Market capitalisation is the measure of a company’s outstanding shares multiplied by the price of each share. For instance, a company with 25000 outstanding shares at Rs. 40 each will have a market cap of Rs. 10 lakh. The size of market capitalisation for a company enables its categorisation into small-cap, mid-cap and large-cap classes. However, free-float market capitalisation is a different concept altogether.

What is Free-Float Market Capitalisation?

In standard market capitalisation, the calculation involves determining the total number of outstanding shares, including both public and privately owned ones. However, in free-float market cap method, the valuation of a company relies only on the outstanding shares held publicly.

This share number is then multiplied with the price for each share. In this entire calculation, privately-owned shares are excluded. Therefore, shares owned by trusts, government bodies and promoters are ignored. This also indicates that the value of a free-float market capitalisation would always be lower than the company’s actual market capitalisation value.

Free-float market capitalisation is also known as float-adjusted capitalisation.

Examples of Free-Float Market Capitalisation 

To understand this concept better, consider the following examples.

Mehta Textiles has 50000 outstanding shares, each priced at Rs. 28. From these, 27000 shares are held publicly, while the remaining 23000 shares are owned privately. From this data, it is possible to calculate both the market cap and the free-float market capitalisation.

  • Market capitalisation for Mehta Textiles

Total outstanding shares x Price of each share

50000 x 28 = Rs. 1400000

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  • Free-float market capitalisation for Mehta Textiles

Publically owned outstanding shares x Price of each share

27000 x 28 = Rs. 756000

This difference is more pronounced for companies that have a large government holding. For instance, Coal India’s free-float market cap is much lower than its regular market capitalisation, since much of its shares are held privately by the Indian government.

Here is a second example to ensure proper understanding –

The National Thermal Power Corporation has 120000 outstanding shares, out of which 30000 are publicly owned. The remaining 90000 shares are held by different government entities. The price of each share is Rs. 90.

From this information, one can derive the market cap and the free-float market cap of the company.

Market capitalisation –

120000 x 90 = Rs. 10800000

Free-float market capitalisation –

30000 x 90 = Rs. 2700000

Advantages of Using Free-Float Market Capitalisation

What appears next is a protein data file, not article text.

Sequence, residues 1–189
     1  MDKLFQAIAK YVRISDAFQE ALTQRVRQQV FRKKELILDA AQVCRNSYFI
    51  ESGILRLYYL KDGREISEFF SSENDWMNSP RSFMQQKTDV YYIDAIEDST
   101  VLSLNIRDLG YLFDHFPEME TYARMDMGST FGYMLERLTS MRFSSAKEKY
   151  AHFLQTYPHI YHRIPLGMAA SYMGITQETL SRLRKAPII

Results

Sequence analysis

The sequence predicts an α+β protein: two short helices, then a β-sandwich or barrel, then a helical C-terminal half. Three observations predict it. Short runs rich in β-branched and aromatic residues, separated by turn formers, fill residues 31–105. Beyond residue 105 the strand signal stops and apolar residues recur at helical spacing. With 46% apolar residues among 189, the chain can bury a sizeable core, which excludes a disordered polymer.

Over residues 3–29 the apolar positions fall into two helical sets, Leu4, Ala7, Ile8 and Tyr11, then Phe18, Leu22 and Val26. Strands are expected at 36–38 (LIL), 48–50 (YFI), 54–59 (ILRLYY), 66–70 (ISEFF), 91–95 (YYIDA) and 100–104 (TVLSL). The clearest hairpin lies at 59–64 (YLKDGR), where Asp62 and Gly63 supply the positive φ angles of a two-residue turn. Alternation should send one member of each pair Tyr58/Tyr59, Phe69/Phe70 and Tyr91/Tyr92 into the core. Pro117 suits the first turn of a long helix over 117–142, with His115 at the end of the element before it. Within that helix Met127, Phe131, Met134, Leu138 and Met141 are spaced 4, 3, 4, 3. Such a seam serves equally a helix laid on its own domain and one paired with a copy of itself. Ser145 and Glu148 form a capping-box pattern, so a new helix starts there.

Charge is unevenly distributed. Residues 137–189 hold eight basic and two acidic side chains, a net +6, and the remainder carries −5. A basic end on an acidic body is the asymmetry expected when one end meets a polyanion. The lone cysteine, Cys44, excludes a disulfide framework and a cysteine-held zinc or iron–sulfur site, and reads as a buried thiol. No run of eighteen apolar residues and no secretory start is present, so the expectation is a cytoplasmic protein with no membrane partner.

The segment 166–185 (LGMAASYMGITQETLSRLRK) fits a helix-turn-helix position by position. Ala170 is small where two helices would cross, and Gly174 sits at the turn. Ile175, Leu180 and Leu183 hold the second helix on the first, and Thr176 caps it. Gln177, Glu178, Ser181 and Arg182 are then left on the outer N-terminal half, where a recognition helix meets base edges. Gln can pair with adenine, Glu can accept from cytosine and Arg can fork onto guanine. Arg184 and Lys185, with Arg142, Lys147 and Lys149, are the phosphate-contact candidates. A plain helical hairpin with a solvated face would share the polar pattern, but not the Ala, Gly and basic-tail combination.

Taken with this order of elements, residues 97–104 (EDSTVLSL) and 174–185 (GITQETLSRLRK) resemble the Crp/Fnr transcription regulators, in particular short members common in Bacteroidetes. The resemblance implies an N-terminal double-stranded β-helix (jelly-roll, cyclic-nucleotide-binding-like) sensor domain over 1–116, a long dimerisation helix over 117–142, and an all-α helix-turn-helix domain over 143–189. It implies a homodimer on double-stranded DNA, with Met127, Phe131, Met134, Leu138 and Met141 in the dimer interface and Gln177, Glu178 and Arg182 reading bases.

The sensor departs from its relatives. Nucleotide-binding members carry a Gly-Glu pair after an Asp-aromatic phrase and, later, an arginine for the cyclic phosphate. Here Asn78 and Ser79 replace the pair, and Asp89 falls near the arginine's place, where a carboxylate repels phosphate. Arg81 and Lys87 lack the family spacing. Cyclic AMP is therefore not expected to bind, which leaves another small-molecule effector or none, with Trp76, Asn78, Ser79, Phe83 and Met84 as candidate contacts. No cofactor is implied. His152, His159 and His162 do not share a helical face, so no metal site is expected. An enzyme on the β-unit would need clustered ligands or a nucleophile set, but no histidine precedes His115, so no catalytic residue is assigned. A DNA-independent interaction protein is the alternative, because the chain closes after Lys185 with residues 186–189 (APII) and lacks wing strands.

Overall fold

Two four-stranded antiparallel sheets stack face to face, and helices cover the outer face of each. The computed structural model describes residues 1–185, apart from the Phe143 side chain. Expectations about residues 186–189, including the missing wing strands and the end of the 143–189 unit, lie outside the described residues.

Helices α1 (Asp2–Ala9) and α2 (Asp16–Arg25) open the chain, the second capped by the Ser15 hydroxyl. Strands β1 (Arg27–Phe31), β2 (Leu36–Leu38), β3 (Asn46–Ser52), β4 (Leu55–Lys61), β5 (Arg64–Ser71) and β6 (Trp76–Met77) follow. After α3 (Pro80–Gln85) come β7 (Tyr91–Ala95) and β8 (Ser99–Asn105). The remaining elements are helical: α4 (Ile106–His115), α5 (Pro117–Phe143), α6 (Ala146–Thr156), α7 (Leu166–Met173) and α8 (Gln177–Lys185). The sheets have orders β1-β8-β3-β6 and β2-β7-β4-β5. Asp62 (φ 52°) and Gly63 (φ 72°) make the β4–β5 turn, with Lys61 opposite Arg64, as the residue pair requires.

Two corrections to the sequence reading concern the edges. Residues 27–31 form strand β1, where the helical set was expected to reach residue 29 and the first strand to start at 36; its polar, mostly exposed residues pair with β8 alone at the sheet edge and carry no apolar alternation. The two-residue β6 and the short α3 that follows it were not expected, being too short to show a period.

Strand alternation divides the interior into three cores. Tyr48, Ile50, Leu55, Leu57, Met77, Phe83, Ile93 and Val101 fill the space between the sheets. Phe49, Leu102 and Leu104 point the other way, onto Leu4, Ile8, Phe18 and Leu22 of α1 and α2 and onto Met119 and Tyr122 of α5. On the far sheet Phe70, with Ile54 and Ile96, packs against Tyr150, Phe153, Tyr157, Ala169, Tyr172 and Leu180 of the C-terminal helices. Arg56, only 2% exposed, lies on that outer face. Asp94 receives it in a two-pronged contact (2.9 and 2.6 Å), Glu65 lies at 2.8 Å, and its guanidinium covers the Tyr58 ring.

Free-float market cap method of evaluating an index is preferred for the following reasons –

  • Presents a practical picture

Total market capitalisation method considers both the shares currently available, as well as those presently locked-in. Nonetheless, the free-float system only considers the number of shares that are currently available in the market for trading. Thus, this process is a more useful metric when it comes to judging the true picture of an enterprise.

  • No distortion of valuation

Market capitalisation of large-cap companies can fool investors into thinking that its shares are readily available for trading when the reality is different. Some of the businesses achieve large-cap, but most of their shares remain locked in since they are owned privately. With the free-float market cap, broad-based indexing is possible. This minimises the concentration of such companies with large market cap values.

  • Market-driven methodology

This calculation process eliminates companies that only have a minimal amount of shares available for trading in the market. Therefore, investors can locate businesses where they can park their excess funds by buying public shares using this valuation technique easily.

Understanding Free-Float Factor

Another important usage of the free-float method is to determine the float factor. This factor is allotted to each share of the business to offer an idea of the shares open for trading as compared to those held closed.

For instance, a company has 35000 outstanding shares, out of which 26000 are open for trading, and 9000 are closed. Each share is priced at Rs. 53. Therefore, the proportion of shares available for trading is –

26000/35000 = 0.74

This is the float factor, which is assigned to each share price. Now, the free-float market capitalisation for this company is Rs. 1378000 (using the same method as explained previously)

Thus, free-float method capitalisation for the enterprise would be,

FFM capitalisation –

Free-float market capitalisation x float factor

Or, 1378000 x 0.74 = Rs. 1019720

Relation of Free-Float with Market Volatility

Free-float market cap is inversely proportional to the volatility in the market. Higher free-float indicates that investors are rapidly selling and purchasing shares. Similarly, if free-float is low, it indicates higher volatility. In such a stage, traders cannot affect the market prices in a noticeable manner.

This is why traders mostly prefer dealing with shares from companies that have a higher free-float. Doing so allows them to buy and sell shares freely without affecting the overall prices of the index in question.